Prana is sanskrit for “life force.” The energy that moves life. The sea awakens to the rise of the sun. Our bodies become upright as the day breaks and the flowers open, often turning toward the sun witness and receive this force of all forces. The river and the birds settle down when the day closes with God’s artwork, the sunset. The energy is ever present and ever changing. Like us.
The body of water has high tide and low tide points that can and do literally change the shape of an island slowly over time. It can possess roiling waves or be calm with peace. Just like us. The water doesn’t seem to mind too much. It just is what it is and seems content with that. There isn’t an agenda or specific goal to this energy. It goes with the flow. Not quite like us.
The prana of the mighty tree grows steadfast and upright, adapting to any other life force it encounters. It may have done this from the sapling stage literally sharing the same root ball. It may encounter “others” later on in it’s life with simple contact of another life force — such as another tree, insects or parasite plants — sharing it’s space openly. Seemingly undisturbed in it’s quest to grow and moving on, if necessary. A little like us.
The tree and the ocean both know that they are part of the collective universe and not any more important but just as important as any other tree or body of water. That is the difference. We humans have a distinct characteristic, and that is intelligent (or not so) thought and reasoning. Let’s not forget our powerful sense of self that renders us separate from others, the ego. Self importance —being absorbed with the self and not thinking of the collective whole of us — is man’s greatest enemy. With all respect for needing to care of self, the basic need is to remain vital and happy, but the ego can become the driver pretty quick once those needs are met.
We can look within and let compassion, love and connection be the director ofour day. Day after day, yoga practice after yoga practice, phone call after phone call, grocery store trip after trip (especially this time of year!), every morning we can choose this. In spite of our inner voice that becomes so agitated, losing patience, saying things we wish we hadn’t, and above all releasing stress hormones in the blood stream the body does not appreciate. We can cultivate the open attitude of being of the same world as the slow driver in front of you.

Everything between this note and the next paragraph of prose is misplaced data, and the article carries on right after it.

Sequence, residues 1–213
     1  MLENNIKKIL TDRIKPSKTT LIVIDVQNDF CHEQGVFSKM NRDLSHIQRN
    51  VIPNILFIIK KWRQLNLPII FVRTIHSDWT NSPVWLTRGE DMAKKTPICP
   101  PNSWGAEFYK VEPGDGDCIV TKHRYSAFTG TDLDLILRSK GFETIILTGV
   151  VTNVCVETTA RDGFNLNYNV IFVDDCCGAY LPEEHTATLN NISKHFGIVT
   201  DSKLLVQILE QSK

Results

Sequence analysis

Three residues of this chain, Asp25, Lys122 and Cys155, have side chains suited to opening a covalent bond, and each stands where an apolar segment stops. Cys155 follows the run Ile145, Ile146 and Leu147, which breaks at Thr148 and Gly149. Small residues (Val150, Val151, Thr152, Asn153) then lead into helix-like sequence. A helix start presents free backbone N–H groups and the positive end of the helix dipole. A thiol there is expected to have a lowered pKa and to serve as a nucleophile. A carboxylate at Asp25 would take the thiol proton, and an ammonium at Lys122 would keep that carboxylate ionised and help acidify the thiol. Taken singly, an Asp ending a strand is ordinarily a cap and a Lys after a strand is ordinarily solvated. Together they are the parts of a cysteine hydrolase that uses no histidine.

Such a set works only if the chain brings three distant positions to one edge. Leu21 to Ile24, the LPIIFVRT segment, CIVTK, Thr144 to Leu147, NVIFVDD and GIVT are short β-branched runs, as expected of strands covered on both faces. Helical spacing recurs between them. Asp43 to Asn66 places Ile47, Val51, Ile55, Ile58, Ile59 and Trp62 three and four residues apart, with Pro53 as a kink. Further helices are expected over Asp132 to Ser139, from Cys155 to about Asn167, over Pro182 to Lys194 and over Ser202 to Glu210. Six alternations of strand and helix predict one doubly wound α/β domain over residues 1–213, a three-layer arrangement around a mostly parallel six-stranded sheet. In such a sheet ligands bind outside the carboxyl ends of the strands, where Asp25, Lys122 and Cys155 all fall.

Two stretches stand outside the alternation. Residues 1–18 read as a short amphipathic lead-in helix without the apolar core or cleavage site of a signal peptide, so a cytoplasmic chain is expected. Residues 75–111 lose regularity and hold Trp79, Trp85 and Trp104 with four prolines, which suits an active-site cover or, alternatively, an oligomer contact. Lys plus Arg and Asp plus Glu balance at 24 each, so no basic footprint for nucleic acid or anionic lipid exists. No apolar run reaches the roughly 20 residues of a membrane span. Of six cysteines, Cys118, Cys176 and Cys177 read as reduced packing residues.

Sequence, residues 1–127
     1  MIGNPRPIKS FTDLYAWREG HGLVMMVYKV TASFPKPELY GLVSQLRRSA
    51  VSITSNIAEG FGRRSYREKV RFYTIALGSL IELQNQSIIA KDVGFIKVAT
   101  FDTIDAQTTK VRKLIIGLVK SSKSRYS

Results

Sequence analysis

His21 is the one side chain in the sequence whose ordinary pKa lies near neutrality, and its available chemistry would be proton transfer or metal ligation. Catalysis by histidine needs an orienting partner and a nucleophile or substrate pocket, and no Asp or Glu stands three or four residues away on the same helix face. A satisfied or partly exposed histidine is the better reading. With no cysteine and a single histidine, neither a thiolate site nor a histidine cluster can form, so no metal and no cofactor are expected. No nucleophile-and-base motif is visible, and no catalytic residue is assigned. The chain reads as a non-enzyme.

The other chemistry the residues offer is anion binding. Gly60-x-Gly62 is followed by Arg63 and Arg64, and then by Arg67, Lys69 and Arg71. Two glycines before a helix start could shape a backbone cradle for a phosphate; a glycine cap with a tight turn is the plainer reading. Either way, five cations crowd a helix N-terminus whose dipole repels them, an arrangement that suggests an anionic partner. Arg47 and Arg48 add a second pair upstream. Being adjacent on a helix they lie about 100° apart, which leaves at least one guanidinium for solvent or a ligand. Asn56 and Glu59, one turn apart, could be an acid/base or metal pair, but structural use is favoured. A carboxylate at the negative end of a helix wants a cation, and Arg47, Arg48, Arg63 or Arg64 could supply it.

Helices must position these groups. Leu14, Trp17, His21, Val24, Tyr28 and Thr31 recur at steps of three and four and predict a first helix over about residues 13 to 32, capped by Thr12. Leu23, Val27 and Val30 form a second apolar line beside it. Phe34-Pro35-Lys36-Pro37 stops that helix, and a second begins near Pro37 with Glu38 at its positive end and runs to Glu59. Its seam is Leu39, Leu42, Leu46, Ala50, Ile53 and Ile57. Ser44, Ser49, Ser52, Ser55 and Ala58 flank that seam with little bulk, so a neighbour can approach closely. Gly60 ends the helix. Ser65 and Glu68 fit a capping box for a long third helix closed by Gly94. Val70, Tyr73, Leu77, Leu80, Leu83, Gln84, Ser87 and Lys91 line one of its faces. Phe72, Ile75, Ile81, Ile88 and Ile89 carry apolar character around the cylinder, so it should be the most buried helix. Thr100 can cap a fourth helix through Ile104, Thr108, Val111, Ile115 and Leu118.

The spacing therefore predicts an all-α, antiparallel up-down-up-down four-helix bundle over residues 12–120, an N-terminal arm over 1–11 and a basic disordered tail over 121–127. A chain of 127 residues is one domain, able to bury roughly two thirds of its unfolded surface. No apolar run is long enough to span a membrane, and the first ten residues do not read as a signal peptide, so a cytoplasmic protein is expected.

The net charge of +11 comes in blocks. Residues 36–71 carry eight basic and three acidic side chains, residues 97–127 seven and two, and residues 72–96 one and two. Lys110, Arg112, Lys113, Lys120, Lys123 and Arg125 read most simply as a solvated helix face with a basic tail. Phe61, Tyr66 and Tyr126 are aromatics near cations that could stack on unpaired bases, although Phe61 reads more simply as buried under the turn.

Every time I encounter the “20 mph” vehicle, I think of a dear friend who passed recently that was well in her 80s and moving more slowly in her later years. She told me when she was driving slowly and cautiously and the driver behind was impatient coming up close behind, it made her more nervous, and she felt the need to slow down.
Her prana, the energy that moved her body, worked at a different pace. I never rode a bumper again. That person could have been as lovely and generous in her life as my friend Ginny was. Someone in the world might think so anyway. When you are in a situation that is stressing you out, due to “others,” ask yourself this, “Would I prefer to encounter a grumpy face or a light (perhaps even smiling) face in the world?” Let’s leave a ripple of love instead of impatience in the world.
Love is a verb. It is action. It is life force and doesn’t ask anything of you but equal consideration and respect. We can lighten up as we encounter others and spread the positive vibes! All you need to do is observe instead of obsess, smile more and frown less, and think of others some while you ponder on yourself. Oh, and one more thing — BREATHE.
Dianne Saywell works full time as a dental hygienist at a local dental office educating and helping patients maintain their oral health. She also spends her time introducing people to and sharing the healing power of YOGA and the health it brings to the body, mind and spirit. She offers group classes and private sessions at all levels, contact her at email@example.com.